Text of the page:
Mr Callinan also helped Mr Kean write a response to Sgt McCabe after the whistleblower threatened legal action, alleging that Mr Kean had made “horrendous” statements on air accusing him criminal and disciplinary offences that were highly damaging to his reputation.
Mr Kean told the Disclosures Tribunal yesterday that Mr Callinan had told him Sgt McCabe was troublesome, difficult, and obstructive or words to that effect; that he had refused to co-operate with an internal garda probe into his whistleblower claims and had breached the Data Protection Act by leaking personal details of penalty point recipients to TDs.
Mr Kean said he knew now that the criticisms of Sgt McCabe were incorrect and that he had been “used” by Mr Callinan to promote that view of the Sgt McCabe.
Asked if had been “sold a pup” by the former commissioner, he said: “In hindsight, I think you are correct.”
Mr Kean told the tribunal he had only met Mr Callinan once, at a charity function in his native Cork, before he decided to contact him prior to going on the Marian Finucane Show on RTÉ Radio on Sunday, January 26, 2014, where he was to be a panellist discussing the news of the week, including the whistleblower controversy.
Phone records show he spoke to Mr Callinan four times the day before the show and once the next morning. He also received a text message from Mr Callinan shortly before the show started.
Mr Kean said he wanted clarification from Mr Callinan as to whether it was still the case, as had been claimed by then justice minister Alan Shatter in the Dáil the previous October, that Sgt McCabe had failed to co-operate with Garda inquiries into his allegations of wrongdoing.
“It was on my mind that that might have changed,” Mr Kean said. “Maybe Sgt McCabe had spent the last three weeks in Garda headquarters giving information.”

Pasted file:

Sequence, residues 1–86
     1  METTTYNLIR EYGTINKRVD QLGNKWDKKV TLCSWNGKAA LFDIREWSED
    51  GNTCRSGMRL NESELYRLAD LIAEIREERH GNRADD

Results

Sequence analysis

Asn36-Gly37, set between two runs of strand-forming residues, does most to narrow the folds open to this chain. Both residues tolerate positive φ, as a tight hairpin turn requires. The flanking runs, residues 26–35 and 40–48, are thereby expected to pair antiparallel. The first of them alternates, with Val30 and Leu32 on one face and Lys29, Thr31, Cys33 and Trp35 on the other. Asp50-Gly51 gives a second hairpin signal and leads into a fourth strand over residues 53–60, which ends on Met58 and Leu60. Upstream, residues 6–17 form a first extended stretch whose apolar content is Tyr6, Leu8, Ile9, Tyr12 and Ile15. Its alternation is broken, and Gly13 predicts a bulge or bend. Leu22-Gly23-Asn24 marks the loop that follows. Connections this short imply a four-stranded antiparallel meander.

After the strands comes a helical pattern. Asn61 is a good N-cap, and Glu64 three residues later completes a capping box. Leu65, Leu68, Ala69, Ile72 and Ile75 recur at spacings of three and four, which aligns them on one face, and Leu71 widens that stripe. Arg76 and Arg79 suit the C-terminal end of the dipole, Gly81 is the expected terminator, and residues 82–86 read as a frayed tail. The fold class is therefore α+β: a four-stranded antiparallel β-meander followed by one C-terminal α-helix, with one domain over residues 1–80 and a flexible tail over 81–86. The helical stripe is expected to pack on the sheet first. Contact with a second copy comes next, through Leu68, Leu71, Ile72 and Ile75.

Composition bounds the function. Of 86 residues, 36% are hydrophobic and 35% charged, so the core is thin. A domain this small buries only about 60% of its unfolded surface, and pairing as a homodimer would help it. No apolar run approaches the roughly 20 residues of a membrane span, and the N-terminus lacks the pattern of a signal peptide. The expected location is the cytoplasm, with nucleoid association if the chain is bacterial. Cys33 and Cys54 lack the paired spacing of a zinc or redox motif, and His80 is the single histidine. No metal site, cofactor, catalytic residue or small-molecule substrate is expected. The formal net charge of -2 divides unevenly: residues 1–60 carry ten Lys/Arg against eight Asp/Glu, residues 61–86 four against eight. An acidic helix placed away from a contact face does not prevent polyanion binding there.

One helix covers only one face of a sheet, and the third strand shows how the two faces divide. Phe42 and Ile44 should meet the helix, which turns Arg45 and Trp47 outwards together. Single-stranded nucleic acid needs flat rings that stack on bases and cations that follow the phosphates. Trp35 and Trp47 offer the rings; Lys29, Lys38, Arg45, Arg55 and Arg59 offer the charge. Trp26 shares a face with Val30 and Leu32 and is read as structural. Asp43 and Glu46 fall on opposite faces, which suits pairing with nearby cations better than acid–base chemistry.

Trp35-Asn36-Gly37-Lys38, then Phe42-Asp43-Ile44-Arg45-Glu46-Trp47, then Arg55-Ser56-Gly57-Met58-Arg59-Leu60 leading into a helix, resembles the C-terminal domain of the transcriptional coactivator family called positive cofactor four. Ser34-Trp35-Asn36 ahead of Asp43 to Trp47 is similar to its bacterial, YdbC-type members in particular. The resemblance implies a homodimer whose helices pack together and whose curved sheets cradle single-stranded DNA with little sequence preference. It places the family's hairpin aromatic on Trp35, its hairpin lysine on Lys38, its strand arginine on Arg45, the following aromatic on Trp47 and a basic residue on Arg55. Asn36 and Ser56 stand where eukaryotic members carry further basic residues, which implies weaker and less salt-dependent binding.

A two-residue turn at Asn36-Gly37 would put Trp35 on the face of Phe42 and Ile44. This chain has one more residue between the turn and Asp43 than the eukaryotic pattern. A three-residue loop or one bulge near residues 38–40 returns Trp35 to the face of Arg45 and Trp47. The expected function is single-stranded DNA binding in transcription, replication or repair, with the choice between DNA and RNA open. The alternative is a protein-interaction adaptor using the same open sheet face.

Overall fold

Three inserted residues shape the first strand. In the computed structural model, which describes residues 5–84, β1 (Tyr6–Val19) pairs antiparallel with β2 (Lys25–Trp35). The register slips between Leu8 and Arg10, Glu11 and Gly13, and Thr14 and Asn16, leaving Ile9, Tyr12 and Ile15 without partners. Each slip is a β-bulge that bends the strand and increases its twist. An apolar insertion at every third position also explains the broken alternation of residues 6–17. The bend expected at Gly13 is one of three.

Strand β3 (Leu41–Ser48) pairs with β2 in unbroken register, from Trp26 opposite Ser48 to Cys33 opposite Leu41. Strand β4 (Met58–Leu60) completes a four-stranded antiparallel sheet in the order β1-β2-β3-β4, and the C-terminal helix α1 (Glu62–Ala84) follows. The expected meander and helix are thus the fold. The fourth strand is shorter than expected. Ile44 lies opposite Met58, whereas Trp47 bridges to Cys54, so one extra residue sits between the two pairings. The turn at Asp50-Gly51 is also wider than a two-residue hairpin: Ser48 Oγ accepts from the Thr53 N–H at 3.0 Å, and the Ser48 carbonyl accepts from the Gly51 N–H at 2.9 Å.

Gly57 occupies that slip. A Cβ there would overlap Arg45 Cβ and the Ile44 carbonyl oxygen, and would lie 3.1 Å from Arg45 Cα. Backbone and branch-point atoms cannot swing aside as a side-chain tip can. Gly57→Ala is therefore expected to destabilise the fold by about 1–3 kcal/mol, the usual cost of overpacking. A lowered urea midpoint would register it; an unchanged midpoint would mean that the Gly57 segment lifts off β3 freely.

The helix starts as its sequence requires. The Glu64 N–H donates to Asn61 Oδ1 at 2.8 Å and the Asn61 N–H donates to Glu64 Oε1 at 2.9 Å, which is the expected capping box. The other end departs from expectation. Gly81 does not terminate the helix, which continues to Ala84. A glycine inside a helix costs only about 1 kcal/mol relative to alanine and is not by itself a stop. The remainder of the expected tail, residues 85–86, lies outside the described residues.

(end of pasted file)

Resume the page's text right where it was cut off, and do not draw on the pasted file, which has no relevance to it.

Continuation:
Mr Callinan assured him that nothing had changed and went on to make derogatory remarks about Sgt McCabe and to accuse him of data breaches, although he asked not to be named as the source of this information.
Mr Kean said he did not think it odd that the commissioner would speak in such detail to him about the inner workings of the force as he had clearly already briefed Mr Shatter in the same way.
Mr Kean said he did not seek other sources to back up what Mr Callinan said because he was just being a panellist, not an investigative journalist.
“I was brought up in a house where my dad was a Garda sergeant, believing that people like the commissioner were beyond reproach,” he said.
Mr Kean went on the radio and repeated what he had been told. He said he was shocked to learn after the show that Sgt McCabe had called and said Mr Kean’s information was wrong and his comments defamatory.
He put in a “panic call” to Mr Callinan straight away but the commissioner “stood his ground”. Asked by counsel for Sgt McCabe if Mr Callinan had known his information was incorrect, Mr Kean said: “I believe so.”
I believe that he used me to promote a position that supported his stance in the matter and which in my opinion was incorrect, and I ended up in the firing line.
On February 6, Mr Kean received a letter from Sgt McCabe referring to his radio comments and asking him to remedy the damage he had caused. He immediately sent it to Mr Callinan together with a draft reply.
Mr Callinan did not respond directly but his personal secretary, Superintendent Frank Walsh, met Mr Kean in his office on February 12, bringing with him a handwritten note from the commissioner containing points to add to his reply.
The letter subsequently sent to Sgt McCabe included Mr Callinan’s notes and created a more robust defence than Mr Kean’s original text. The tribunal heard the proceedings against Mr Kean had since been dropped.
Mr Callinan has yet to have his turn to give evidence at the tribunal.